The Historic Neighborhood of Highland Park
The first two phases of the planning process produced a description of existing conditions in Highland Park as well as a neighborhood vision to guide future development.
The community-based vision follows:
In 10-20 years, Highland Park will be a residential neighborhood much as it is today. With:
- A diverse, well maintained and affordable housing stock
- Ample commercial opportunities including shops, restaurants and services in attractive, properly scaled storefronts located along major streets and at major intersections throughout the neighborhood
- Well maintained parks and green space
- Pedestrian and bicycle friendly transportation infrastructure with increased availability of public transit option
- A diverse, active and friendly resident population with a strong sense of community identity
Two planning tools were developed to help implement the neighborhood’s vision: a set of transportation recommendations and a form based overlay district.
A primary goal of the neighborhood plan is to safeguard the neighborhood’s rich pedestrian character by better managing traffic and parking. Some of the proposed strategies detailed in the plan include:
- Maintain existing on-street angled and parallel parking
- Maintain trees and median landscaping, replacing older trees as necessary to ensure a mix of mature and younger trees in the neighborhood
- Improve and repair the sidewalks to the city standard
- Develop a street tree, signage and lighting plan to reinforce neighborhood identity and traffic calming
- Maximize pedestrian safety with signals, signage, pavement markings, planting strips, and lighting
- Encourage the use of bicycles and public transit through the installation of bike racks, designation of additional bike routes, and improvements to transit stops such as shelters and route information
- Evaluate strategies to calm traffic including curb bulk-outs or mini traffic circles
- Evaluate options to better manage parking including share parking arrangements or permitted parking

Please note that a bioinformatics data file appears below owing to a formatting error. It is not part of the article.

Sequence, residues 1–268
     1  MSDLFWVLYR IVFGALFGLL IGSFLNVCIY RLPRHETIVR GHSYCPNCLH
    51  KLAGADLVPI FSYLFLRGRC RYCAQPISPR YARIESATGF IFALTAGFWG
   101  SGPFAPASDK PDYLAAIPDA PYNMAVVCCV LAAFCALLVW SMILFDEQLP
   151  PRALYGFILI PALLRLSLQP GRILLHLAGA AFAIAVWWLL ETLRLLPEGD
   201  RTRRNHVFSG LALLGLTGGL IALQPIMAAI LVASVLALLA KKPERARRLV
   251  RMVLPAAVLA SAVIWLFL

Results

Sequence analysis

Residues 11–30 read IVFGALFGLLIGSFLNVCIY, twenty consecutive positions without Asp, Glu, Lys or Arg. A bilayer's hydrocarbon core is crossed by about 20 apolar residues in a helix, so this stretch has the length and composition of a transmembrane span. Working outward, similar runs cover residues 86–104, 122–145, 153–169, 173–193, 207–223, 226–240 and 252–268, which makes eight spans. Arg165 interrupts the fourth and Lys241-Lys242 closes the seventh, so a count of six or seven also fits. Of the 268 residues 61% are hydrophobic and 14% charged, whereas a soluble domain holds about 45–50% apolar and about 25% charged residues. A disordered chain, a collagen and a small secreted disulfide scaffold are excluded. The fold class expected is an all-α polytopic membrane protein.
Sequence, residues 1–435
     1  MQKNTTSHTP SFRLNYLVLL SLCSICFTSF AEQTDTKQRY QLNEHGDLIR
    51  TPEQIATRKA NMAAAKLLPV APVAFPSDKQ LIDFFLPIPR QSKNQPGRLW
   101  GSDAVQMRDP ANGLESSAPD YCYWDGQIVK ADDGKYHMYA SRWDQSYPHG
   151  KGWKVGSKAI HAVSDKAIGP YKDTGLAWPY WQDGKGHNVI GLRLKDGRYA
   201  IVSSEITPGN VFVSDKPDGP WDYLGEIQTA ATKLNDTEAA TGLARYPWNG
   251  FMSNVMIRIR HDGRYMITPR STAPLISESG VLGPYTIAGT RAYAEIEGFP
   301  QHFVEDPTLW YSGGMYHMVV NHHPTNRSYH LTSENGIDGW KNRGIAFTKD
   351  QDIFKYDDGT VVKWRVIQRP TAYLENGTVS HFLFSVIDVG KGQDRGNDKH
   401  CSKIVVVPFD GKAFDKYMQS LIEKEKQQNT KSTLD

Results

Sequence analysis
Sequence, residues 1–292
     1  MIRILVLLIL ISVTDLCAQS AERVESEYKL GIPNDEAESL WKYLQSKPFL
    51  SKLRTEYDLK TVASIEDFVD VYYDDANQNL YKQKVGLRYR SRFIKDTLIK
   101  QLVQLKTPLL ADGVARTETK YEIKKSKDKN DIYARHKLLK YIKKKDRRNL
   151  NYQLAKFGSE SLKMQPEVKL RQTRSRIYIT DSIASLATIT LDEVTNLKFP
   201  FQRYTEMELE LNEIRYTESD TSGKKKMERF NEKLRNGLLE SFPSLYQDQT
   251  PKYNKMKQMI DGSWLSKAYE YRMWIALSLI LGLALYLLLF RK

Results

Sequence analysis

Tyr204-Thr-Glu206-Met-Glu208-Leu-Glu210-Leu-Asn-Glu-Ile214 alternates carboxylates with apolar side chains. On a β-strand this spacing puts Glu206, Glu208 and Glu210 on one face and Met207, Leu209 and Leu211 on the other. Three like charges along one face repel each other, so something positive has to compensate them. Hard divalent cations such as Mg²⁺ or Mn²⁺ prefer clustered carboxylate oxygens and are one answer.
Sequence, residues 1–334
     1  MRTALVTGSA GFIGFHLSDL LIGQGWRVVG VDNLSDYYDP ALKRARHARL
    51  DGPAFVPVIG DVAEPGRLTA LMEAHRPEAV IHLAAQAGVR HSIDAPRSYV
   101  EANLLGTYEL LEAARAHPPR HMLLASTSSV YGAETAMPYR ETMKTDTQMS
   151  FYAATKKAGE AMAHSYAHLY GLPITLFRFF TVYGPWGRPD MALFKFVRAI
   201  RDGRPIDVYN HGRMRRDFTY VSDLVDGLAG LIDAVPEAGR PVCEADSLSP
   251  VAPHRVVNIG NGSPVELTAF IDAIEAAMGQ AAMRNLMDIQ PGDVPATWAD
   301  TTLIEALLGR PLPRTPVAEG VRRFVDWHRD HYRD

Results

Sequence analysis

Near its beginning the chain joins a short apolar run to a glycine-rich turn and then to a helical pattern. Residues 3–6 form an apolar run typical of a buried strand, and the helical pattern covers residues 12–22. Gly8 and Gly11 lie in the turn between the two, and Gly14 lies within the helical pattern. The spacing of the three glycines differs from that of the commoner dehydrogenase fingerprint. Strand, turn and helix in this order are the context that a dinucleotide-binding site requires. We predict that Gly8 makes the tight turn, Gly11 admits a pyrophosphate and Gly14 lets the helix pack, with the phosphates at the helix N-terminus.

Form-Based Overlay District:
Much of what makes Highland Park a great neighborhood is best captured by how each of the houses, buildings and streets come together to form enjoyable public space. The purpose of the form-based overlay is to reinforce the neighborhood’s historic character, to the extent possible, by modifying development regulations in the City of Birmingham’s Zoning Ordinance. It is important to emphasize that the proposed overlay will not change a property’s current zoning district, including permitted uses. Rather, when adopted by the Birmingham City Council, the Highland park form-based overlay district will be placed “over” the existing base zoning and modify certain regulatory standard in five important ways.
- Building setbacks: The overlay includes both minimum and maximum front setbacks to ensure the buildings are placed near the street, contributing to the public space and preserving the historic feel of the neighborhood.
- Building heights: Maximum building heights are provided to control the height and scale of new buildings in the neighborhood.
- Building entrances, facades, and roofs: The overlay includes general building form standards requiring building entrances oriented to the street and variation in building facades or walls and roofs to promote high quality public space.
- Parking location and access: Parking and access are more strictly limited, often to the side or rear of buildings, to maintain a pedestrian friendly street environment and historic neighborhood character.
- Landscape and signage: Mandates screening of parking and loading areas and between incompatible uses. Controls the size and style or signs to ensure compatibility with the neighborhood.
Visit the Highland Park Neighborhood Association